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this, I may mention that a fellow passenger of
mine was a Frenchman from Champagne.
At the Cape he entered into partnership with
a young Englishman (also a fellow passenger),
and agreed to take a wine farm. The Englishman
was to supply capitalthe Frenchman
knowledge. Monsieur had determined to
make "Cape Champagne;" and remarkably
well he succeeded. Often at public and even
at private dinners, when swallowing something
dignified with the name of that right-royal
wine, have I sighed to think how far more
palatable would be a bottle of Monsieur
L——'s vintage.

It perhaps requires a greater outlay of
capital to be a successful wine-grower than
almost anything else in the colony. There are,
in addition to the purchase of land and vines,
the expenses of storehouses, casks, and, above
all, that most difficult commodity to attain
labour. So great is the want of the latter,
and so uncertain the supply of even that which
is attainable, that he is a bold man who
ventures on wine-farming at the Cape.

The wine-growers are generally wealthy
men, for, in spite of all obstacles, their profits
are very large. Few people who even touch
at the Cape fail to visit the Constantia wine
farms, producing the delicious sweet wine of
that name. It is grown on a mountain named
after the wife of one of the former Governors
of the Capewhether in compliment to the
lady's sweetness of disposition, or her love for
the wine then produced, I know not. Three
farms monopolise this mountain. Even half a
mile from them, the wine produced is of a very
inferior flavour. They live in excellent style,
these Constantia wine-growers. When first
I visited one of them, a carriage-and-four and
two buggies, conveying a party of Indian
visitors, had just drawn up at the door. A
déjeûner was spread in a long, handsome, and
elegantly-furnished apartment, for the
entertainment of any one who might chance to
come and visit the farm. Two or three
superintendents were ready to show the "lions" of
the place to visitors, and to give them samples
of the wine to taste. There are many varieties
of it. And, oh, how seductive that same
Constantia is! Who can resist it in all its
delicious varieties?

I recollect that as I rode towards the farm
I passed a toll-gate, and looking, I suppose,
extremely like a "griffin" (for I had only been
a week in the colony), the "pikeman" observed,
as he took my twopence, and handed me the
ticket, "Hopes you'll be able to read it as you
comes back, Sir!"

"What do you mean?" I asked.

"No offence, Sir," said the man with a grin;
"only I've seed a many as couldn'tthat's
all."

The three Constantia wine-growers are
Dutchmen; and so, in fact, are nearly all the
wine-farmers throughout the colony. Englishmen
who go out there generally take to trade
or sheep-farming; and they are right,for it
requires far less experience, less capital, and
less labour, to follow almost any calling at the
Cape than that of a wine-grower. I think,
however, that a Company might be profitably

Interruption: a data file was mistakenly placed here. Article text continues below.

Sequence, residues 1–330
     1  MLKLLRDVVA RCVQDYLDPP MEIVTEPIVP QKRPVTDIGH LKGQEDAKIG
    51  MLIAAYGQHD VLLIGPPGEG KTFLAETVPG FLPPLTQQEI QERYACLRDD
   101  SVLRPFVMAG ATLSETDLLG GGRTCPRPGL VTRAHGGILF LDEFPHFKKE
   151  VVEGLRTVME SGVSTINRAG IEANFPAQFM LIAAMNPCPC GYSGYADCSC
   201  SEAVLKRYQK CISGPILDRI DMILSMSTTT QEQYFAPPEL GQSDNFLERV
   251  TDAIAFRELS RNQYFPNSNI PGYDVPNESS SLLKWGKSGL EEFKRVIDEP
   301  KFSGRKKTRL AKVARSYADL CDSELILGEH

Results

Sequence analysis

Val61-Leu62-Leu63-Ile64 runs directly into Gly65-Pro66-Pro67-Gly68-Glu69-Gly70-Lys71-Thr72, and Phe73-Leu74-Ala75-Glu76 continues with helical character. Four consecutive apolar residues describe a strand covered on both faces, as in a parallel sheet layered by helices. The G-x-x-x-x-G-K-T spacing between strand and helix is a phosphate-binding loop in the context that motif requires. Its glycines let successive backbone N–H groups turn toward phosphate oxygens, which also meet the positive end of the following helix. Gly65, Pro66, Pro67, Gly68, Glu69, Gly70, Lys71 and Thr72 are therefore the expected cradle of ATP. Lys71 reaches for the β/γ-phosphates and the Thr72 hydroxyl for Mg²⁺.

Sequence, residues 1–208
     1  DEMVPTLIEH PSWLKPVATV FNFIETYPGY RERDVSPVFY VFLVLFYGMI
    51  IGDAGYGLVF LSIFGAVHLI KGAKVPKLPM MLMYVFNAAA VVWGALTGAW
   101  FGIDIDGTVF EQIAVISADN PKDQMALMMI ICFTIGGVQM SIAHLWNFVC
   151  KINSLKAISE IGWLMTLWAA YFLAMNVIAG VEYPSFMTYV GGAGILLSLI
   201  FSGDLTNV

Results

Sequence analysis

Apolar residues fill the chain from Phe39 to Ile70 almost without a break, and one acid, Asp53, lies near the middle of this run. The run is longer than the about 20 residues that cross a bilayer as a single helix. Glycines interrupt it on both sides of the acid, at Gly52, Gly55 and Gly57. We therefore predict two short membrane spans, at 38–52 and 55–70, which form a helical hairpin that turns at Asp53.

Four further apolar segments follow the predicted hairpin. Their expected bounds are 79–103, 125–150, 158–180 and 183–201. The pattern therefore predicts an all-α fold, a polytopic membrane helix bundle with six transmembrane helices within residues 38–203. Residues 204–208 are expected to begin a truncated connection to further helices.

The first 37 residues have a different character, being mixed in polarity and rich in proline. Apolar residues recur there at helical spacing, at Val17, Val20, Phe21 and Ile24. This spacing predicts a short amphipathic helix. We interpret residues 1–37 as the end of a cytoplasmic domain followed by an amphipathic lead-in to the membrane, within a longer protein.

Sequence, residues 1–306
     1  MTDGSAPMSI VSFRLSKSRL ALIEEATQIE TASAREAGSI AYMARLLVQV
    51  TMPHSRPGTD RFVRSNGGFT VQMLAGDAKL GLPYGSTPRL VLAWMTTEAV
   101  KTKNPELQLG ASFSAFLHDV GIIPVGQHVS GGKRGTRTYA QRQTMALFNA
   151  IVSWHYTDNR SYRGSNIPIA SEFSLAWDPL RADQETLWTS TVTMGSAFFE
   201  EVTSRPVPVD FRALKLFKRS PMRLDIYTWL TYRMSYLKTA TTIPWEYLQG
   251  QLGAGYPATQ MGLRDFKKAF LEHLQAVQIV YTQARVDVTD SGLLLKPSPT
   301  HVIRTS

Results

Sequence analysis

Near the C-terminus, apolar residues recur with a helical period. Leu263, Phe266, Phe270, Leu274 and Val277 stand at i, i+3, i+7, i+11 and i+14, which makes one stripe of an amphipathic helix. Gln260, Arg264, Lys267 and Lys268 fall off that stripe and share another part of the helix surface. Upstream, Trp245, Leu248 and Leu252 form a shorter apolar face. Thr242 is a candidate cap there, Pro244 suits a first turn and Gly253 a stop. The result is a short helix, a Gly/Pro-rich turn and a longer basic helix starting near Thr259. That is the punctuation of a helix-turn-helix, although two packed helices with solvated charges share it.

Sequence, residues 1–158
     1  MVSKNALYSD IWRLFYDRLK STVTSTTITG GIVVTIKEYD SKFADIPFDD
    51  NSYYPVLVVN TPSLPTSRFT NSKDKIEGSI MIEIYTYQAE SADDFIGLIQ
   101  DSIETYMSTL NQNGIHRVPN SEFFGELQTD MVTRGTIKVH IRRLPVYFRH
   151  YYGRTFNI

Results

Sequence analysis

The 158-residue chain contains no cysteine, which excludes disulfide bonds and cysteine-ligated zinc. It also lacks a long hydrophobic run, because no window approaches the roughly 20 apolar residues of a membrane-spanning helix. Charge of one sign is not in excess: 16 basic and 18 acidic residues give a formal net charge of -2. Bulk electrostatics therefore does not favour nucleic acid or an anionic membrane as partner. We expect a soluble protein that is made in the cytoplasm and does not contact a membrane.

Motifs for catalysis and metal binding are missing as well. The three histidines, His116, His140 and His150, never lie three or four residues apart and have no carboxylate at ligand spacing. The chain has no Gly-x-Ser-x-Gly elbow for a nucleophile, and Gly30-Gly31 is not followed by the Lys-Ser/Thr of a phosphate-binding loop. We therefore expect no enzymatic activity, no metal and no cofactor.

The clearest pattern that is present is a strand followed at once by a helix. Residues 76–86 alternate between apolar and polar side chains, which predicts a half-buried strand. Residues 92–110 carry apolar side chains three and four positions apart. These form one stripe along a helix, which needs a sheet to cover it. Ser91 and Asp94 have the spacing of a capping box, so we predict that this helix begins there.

established here or in the colony, for
cultivating the vine there and importing its
produce to Europe. For this purpose, they should
send out labourers and superintendents,
carefully selected from the wine districts of France
and Germany; and take care that the Madeira
plan of gathering the grapes be adopted. They
should agitate, too, for a reduction of the duty
on the wine: at present it is far too high.
Perhaps the profits would not at first be
great, for there is a serious obstacle to be
overcome,a bad name in the market; but
eventually I believe that the speculation
would be a lucrative one, and that it would
in time remove the unfortunate stigma now
affixed to Cape wine.

In these days of railroad travelling, when
twenty miles an hour would be considered
slow enough to justify a letter of complaint
from "Viator" to the editor of the Times, it
may rather astonish my readers to learn that
twenty miles is considered a fair day's journey
at the Cape. Yet so it is.

Unless you amble on horseback, which only
men and young men can undertake, the sole
and universal method of travelling is by an
ox-wagon. Just go and look at the wagon
exhibited by Cumming in his South-African
Exhibition, at Hyde Park corner! Imagine
such a machine, with twelve or fourteen oxen
attached to it by a long rope of plaited hide
(called a treck-tow) attached to the pole, and
to which are fastened the yokes of the oxen.
Then fancy a little Hottentot lad, very much
like one of the Bushmen lately exhibited in
London (but, perhaps, hardly so handsome,)
leading the two front oxen by a strip of hide
fastened to their horns (called a reim), and a
full-grown Hottentot seated on the driving-
seat, in the front of the wagon, with an
enormous whip in his hands formed of a long
bamboo handle and a lash of plaited thongs,
with which he can, from his seat, reach the
leaders of his team; and you have the
"travelling carriage" of South Africa complete
before your eyes.

The same team (or "span" in South-African
phraseology) of oxen take you the whole
journey, whether it be twenty or two hundred
miles; and as they have no other food on the
way, nor indeed at any other time, than the
grass and water on the roadside, you may
imagine that twenty or twenty-five miles a day is
quite work enough for them. The journey is,
however, by no means so tedious or uninteresting
an affair as might be supposed. It is
like so many days of pic-nic-ing, with new
scenery each day, and in a glorious climate.
The wagon is of course well furnished with
tea, sugar, coffee, wine, flour, eggs, fresh and
preserved meat, vegetables, and in fact all
that refreshes and cheers the inward man;

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